The millennial’s guide to working in legacy media
Part One: Page design
Some of us will find ourselves in an environment that isn’t operating in the digital world we know. For young journalists, that’s not a bad thing at all.
The text blew out.
“That wouldn’t happen if you used the fonts we use,” said the snarky, lifelong member of the newspaper, my coworker.
Then came the kicker.
“You don’t have to do all that InDesign stuff,” she said. “It’s worked just fine for us for 20 years.”
I’m 23 years old. I’m learning to adapt to my job.
And it’s learning to adapt to Millennials like me.
“You don’t have to do all that InDesign stuff.”
We work in QuarkXPress. It’s a step back from the “InDesign Stuff” I used to do, but it’s taught me the following lessons about page design:
A bad workman always blames his tools — French proverb
1. Design is storytelling
I once viewed page design as the culmination of strong art, modern graphics and trendy organization.
Visuals are important, but they’re useless without purpose.
Just like a cleverly written sentence is dung if it strays from the narrative, a nice-looking graphic is unhelpful if it does not serve to move the overall story.
2. Your co-workers’ content takes precedence
Reporters and photographers work hard. Their efforts deserve center stage.
First, awesome photos deserve great play. You’ll know which ones make the cut and so will the photographer. Talk to the photographers. Ask them questions about each shot and what opinions they may have on placement.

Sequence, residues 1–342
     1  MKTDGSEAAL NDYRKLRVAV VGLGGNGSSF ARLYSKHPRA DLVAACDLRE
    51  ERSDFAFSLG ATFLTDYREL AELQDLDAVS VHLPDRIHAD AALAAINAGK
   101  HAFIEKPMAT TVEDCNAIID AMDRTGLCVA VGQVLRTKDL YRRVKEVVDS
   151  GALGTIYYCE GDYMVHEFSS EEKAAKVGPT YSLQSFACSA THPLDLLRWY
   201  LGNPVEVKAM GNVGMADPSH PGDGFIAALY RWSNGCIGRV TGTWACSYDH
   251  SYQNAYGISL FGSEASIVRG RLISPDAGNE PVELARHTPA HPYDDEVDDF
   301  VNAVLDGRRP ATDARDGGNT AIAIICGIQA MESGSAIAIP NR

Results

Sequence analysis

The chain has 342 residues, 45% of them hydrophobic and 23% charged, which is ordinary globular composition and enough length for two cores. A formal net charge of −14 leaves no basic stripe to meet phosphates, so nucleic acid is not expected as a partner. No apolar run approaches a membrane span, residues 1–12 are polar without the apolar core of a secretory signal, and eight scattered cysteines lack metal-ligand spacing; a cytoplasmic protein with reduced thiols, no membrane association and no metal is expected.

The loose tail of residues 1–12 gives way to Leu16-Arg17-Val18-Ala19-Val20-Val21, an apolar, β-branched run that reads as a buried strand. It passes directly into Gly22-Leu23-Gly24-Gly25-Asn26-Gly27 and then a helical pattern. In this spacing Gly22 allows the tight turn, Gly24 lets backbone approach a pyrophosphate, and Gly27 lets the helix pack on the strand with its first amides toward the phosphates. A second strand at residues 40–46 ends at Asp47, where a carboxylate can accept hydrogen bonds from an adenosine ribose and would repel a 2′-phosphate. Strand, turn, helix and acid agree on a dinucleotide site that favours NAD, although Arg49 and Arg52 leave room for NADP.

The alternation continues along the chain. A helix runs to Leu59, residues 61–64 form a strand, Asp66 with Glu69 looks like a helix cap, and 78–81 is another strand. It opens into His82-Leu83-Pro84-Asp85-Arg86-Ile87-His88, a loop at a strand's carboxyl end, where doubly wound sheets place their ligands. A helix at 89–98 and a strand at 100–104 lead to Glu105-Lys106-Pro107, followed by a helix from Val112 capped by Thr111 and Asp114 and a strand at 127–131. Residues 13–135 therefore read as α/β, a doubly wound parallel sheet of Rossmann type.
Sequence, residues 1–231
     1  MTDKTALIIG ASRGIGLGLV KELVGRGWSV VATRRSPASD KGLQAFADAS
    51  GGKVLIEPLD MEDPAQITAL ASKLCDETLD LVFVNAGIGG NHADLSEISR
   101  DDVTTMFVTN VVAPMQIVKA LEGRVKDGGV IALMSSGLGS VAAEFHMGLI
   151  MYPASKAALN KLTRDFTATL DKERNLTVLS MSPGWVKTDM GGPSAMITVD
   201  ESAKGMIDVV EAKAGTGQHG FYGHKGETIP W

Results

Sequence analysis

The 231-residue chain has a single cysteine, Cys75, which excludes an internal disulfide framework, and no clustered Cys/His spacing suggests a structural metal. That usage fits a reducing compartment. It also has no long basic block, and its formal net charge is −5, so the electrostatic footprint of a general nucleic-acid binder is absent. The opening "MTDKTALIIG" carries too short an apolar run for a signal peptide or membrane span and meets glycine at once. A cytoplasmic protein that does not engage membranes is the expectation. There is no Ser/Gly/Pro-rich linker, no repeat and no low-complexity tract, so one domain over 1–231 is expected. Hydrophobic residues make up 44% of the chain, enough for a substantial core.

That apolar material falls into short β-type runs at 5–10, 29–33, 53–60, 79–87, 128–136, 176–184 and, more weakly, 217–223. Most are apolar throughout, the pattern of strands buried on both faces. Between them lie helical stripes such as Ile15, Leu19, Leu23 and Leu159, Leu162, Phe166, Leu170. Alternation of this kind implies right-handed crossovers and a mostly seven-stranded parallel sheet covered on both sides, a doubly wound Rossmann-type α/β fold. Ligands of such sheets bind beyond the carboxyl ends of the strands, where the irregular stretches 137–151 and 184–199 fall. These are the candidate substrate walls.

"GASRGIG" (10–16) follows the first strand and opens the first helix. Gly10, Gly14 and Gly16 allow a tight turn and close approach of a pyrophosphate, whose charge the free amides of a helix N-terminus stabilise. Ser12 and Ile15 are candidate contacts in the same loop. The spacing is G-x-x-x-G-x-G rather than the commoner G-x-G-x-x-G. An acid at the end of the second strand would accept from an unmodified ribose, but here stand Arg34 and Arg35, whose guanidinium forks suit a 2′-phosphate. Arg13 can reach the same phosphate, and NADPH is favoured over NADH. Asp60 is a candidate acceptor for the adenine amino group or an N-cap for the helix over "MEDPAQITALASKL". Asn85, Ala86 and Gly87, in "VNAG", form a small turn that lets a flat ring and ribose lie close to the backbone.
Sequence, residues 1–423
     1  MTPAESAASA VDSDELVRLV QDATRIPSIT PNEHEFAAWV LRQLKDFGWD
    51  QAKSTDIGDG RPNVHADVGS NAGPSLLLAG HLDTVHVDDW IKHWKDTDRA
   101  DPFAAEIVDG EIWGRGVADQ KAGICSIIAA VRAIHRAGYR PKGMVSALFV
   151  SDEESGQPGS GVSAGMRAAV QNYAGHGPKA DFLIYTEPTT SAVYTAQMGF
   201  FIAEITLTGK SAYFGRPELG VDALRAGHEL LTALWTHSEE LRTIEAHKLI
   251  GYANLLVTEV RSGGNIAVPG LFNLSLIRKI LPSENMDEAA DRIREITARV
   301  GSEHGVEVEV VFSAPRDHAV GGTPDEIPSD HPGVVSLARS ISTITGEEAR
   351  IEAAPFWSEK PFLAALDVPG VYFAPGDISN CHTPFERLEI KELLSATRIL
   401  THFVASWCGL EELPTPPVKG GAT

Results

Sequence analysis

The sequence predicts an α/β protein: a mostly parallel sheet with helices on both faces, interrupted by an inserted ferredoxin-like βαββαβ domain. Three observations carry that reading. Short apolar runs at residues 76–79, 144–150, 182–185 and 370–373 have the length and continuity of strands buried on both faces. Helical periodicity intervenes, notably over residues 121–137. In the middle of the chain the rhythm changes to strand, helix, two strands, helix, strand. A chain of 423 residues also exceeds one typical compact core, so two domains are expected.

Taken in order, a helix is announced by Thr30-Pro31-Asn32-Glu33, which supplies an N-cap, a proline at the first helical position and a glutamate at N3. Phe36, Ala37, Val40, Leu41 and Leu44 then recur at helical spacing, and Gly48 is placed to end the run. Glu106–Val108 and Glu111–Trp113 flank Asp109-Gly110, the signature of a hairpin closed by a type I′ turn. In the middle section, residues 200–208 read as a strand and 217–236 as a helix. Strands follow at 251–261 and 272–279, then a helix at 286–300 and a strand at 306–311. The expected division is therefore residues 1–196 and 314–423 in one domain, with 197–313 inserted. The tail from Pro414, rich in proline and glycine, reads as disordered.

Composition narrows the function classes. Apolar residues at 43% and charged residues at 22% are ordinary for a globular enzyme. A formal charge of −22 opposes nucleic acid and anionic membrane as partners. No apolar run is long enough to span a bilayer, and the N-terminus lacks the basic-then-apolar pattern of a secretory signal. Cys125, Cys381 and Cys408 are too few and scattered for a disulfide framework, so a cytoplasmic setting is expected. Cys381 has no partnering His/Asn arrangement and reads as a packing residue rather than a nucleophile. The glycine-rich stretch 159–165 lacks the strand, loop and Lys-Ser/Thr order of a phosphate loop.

Art tells the story in unique ways and speaks on behalf of the written content it’s partnered with.
Also, make sure your written content is well displayed, easy to read and not an afterthought.
On special occasion, go big. Don’t be afraid to go all out. Consult your editor, seek feedback from other designers, and let it rip.
I had the chance to let loose with the following page for our Sunday Life section:
3. Find the balance
Working for a legacy outlet might seem stifling. As digital natives, we see the world and the news through different lenses than some of the more experienced journalists we work alongside.
Take pride in your work, but don’t let that same pride seep into your opinion of your paper. Turning the pages of your publication, you may see the design as outdated.
But being young, trendy and talented within a certain software hardly makes you a savior. Millennials are shaking things up, but we aren’t going to save the industry. Journalism is a craft. It’s one we must learn from those who’ve been at it for years.
When an older page designer suggests a change, consider it. Don’t shrug it off. Know your audience, find your balance.
Blend your newspaper’s style with the fresh insights you bring to the table.